In among bitterns and spadefoot toads

© Bruno Siegrist
The European Common Spadefoot Toad, a.k.a. Garlic Toad, is under strict protection according to the European Habitats Directive. © Bruno Siegrist

The Dragoman Marsh lies between karst hills and extensive wet meadows. This is fen country covering about 400 hectares or one and a half square miles in the European Green Belt near the Serbian border and only 40 kilometres northwest of Sofia, the capital. To the north of the marshland the long, bare ridge of the karst mountain, Chepan, rises to 1 200 metres at its highest point and is accessible to walkers along a number of trails.

A mosaic of diverse species
The country is varied in character and contains many endangered habitats of vulnerable species. Among these are specific species, characteristic of marsh and steppe, such as Ferruginous Duck, Bittern and Calandra Lark. For migrating birds such as Crane, White Stork, Blacktailed Godwit, Common Pochard and ducks of many other varieties the Marsh is a stop-over point in spring. Here, too, the European Common Spadefoot Toad, European Tree Frog and Horned Viper live alongside rare plants such as the endemic Urumoff tulip. And on the rugged, steeply falling cliffs of the Chepan mountain eagle owls, long-legged buzzards, falcons and ravens raise their broods.

Increasing pressure on the marshland through overuse
In the 20th century the Dragoman Marsh narrowly escaped catastrophe: it had almost dried out between 1930 to 1990, as a result of draining measures intended to make it suitable for agricultural use. After the political changes of the 90s draining was stopped and the plentiful rainfall in 2005 and 2006 has allowed the marchland to regain its original size of up to 400 hectares or one and a half square miles. Numerous formerly indigenous species such as Ferruginous Duck, Bittern or Purple Heron have repopulated the wetlands. But the danger is not yet banished: now the ecosystem is threatened by agricultural intensification and the eutrophication of the wetlands with untreated sewage from the little nearby town of Dragoman. Working with its local partners EuroNatur has been committed since October 1990 to giving better protection to the Dragoman Marsh, with the neighbouring wet meadows and the Chepan karst mountain to the north, to ensure the sustainable development of its diverse fauna and flora.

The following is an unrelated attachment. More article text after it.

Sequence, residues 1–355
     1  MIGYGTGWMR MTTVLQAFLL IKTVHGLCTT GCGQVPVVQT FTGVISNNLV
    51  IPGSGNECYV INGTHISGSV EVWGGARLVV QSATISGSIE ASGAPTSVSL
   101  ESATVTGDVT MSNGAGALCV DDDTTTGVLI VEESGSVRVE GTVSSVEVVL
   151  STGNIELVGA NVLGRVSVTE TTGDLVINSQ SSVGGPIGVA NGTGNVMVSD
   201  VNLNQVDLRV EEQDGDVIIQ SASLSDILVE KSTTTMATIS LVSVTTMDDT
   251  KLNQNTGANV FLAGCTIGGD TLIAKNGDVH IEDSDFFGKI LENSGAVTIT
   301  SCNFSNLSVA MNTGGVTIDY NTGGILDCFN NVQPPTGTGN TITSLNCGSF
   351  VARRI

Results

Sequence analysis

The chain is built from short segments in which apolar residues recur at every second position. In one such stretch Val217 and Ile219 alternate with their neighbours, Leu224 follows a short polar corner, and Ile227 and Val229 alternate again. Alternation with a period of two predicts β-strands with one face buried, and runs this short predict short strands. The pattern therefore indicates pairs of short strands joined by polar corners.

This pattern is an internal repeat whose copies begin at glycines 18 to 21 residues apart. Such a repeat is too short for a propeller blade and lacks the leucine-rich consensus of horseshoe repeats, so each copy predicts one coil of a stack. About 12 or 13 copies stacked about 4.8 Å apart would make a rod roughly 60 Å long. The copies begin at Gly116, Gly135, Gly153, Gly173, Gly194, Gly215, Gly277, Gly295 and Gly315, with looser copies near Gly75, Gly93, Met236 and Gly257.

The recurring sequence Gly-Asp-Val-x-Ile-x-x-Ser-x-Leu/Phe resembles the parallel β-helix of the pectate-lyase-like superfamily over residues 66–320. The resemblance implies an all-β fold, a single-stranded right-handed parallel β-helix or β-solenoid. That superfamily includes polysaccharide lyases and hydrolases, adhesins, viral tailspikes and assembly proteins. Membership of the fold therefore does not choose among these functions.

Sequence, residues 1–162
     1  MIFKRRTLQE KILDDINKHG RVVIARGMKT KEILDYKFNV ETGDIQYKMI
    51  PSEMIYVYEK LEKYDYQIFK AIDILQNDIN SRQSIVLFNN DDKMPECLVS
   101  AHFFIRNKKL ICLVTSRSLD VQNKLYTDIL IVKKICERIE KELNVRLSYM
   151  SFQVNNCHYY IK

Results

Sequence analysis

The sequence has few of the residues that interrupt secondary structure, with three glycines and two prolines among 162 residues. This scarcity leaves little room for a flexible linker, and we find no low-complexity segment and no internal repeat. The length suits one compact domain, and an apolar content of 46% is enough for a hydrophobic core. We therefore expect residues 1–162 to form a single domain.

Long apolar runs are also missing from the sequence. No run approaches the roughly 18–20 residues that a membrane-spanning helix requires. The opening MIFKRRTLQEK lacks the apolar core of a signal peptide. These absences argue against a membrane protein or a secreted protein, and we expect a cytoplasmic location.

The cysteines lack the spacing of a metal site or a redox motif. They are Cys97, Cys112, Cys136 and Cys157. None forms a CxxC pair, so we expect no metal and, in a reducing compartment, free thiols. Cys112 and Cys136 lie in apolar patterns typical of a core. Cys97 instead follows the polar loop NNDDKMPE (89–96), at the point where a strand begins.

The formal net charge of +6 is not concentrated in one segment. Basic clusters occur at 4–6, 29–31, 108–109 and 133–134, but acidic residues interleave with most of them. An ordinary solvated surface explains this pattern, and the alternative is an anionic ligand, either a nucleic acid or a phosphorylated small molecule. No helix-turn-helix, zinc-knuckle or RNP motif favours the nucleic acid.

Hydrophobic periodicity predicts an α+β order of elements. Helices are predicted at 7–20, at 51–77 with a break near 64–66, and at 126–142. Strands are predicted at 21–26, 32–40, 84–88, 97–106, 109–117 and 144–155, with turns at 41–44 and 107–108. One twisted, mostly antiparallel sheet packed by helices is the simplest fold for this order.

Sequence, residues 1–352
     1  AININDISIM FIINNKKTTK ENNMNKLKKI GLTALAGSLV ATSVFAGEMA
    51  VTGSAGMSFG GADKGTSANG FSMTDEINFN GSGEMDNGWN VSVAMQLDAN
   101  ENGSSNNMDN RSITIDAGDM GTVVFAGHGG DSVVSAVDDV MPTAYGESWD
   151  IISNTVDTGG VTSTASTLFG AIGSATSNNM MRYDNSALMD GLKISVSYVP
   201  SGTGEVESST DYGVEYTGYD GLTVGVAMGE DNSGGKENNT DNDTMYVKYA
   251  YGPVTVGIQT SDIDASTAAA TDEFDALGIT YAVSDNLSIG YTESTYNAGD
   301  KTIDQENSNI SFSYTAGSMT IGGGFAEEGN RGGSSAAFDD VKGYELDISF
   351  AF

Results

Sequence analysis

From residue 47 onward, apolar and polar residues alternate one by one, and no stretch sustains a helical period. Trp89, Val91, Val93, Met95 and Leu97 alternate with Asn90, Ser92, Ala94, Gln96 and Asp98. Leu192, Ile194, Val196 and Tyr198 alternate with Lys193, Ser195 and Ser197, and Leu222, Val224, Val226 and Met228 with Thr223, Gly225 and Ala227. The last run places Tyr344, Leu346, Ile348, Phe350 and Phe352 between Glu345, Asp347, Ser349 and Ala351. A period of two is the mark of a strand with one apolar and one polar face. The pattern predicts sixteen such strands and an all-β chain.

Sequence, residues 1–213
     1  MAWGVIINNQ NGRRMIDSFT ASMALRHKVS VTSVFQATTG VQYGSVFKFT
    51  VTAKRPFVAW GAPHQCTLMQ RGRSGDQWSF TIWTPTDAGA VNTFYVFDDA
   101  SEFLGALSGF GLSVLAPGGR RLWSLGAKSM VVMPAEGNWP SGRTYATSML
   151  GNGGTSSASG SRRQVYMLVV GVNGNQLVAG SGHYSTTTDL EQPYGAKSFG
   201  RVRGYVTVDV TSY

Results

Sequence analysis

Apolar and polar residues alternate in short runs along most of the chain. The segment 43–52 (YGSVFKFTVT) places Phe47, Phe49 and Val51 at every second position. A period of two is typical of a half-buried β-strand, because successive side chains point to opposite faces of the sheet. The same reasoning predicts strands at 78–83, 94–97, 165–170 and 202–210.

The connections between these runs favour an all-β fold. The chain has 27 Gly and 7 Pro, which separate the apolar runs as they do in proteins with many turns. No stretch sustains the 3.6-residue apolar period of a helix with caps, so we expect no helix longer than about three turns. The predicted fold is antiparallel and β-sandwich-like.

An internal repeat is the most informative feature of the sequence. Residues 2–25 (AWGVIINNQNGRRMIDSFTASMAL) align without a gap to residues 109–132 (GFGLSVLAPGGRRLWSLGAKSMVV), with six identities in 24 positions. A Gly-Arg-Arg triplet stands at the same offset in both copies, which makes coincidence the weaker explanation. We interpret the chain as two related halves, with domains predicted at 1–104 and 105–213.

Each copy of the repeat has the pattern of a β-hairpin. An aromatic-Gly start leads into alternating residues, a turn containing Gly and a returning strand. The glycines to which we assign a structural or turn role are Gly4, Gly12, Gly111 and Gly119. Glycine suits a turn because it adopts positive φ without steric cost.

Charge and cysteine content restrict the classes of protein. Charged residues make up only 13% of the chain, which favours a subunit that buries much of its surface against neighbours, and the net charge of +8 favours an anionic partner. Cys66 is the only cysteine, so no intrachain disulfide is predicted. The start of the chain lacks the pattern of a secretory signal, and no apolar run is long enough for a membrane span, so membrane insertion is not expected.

What actions are EuroNatur and its partner organisations undertaking in Dragoman?

  • Creating a well-founded bank of knowledge: in cooperation with Sofia University we are collecting reliable data on fauna, flora, geology and extent of flooding in order to be able to develop appropriate measures for a management of the damp meadows compatible with nature.
  • Creating and implementing concepts for a sustainable use of the wet meadows.
  • Lobbying local decision makers such as community officers and mayors to win them over for supporting nature conservation measures.
  • Creating acceptance: the measures for nature conservation can only be successful with the backing and support of local people.
  • Building a centre for nature conservation with a broad range of environmental education measures such as, for example, an interactive exhibition and nature study walks through the Dragoman Marsh.

What we have achieved so far

  • In an exemplary manner all partners are acting in concert to contribute their experience and knowledge.
  • We have already been able to convince important decision makers in the municipality of Dragoman to adopt an alternative, energy-saving and economic path to sewage treatment.
  • The Nature Centre in Dragoman has blossomed to become an internationally frequented meeting point for the promotion of nature conservation.
  • The Forest Office in Dragoman has handed over a number of hectares of burned forestland to EuroNatur partner BWS to be reforested with oak appropriate to the habitat. Over 100 volunteers from Sofia took part in the planting of acorns in the autumn of 2009.

Partners: Balkani Wildlife Society (BWS), Bulgarian Biodiversity Foundation (BBF), University of Sofia

Sponsoring: Deutsche Bundesstiftung Umwelt (DBU), EuroNatur donors and sponsors


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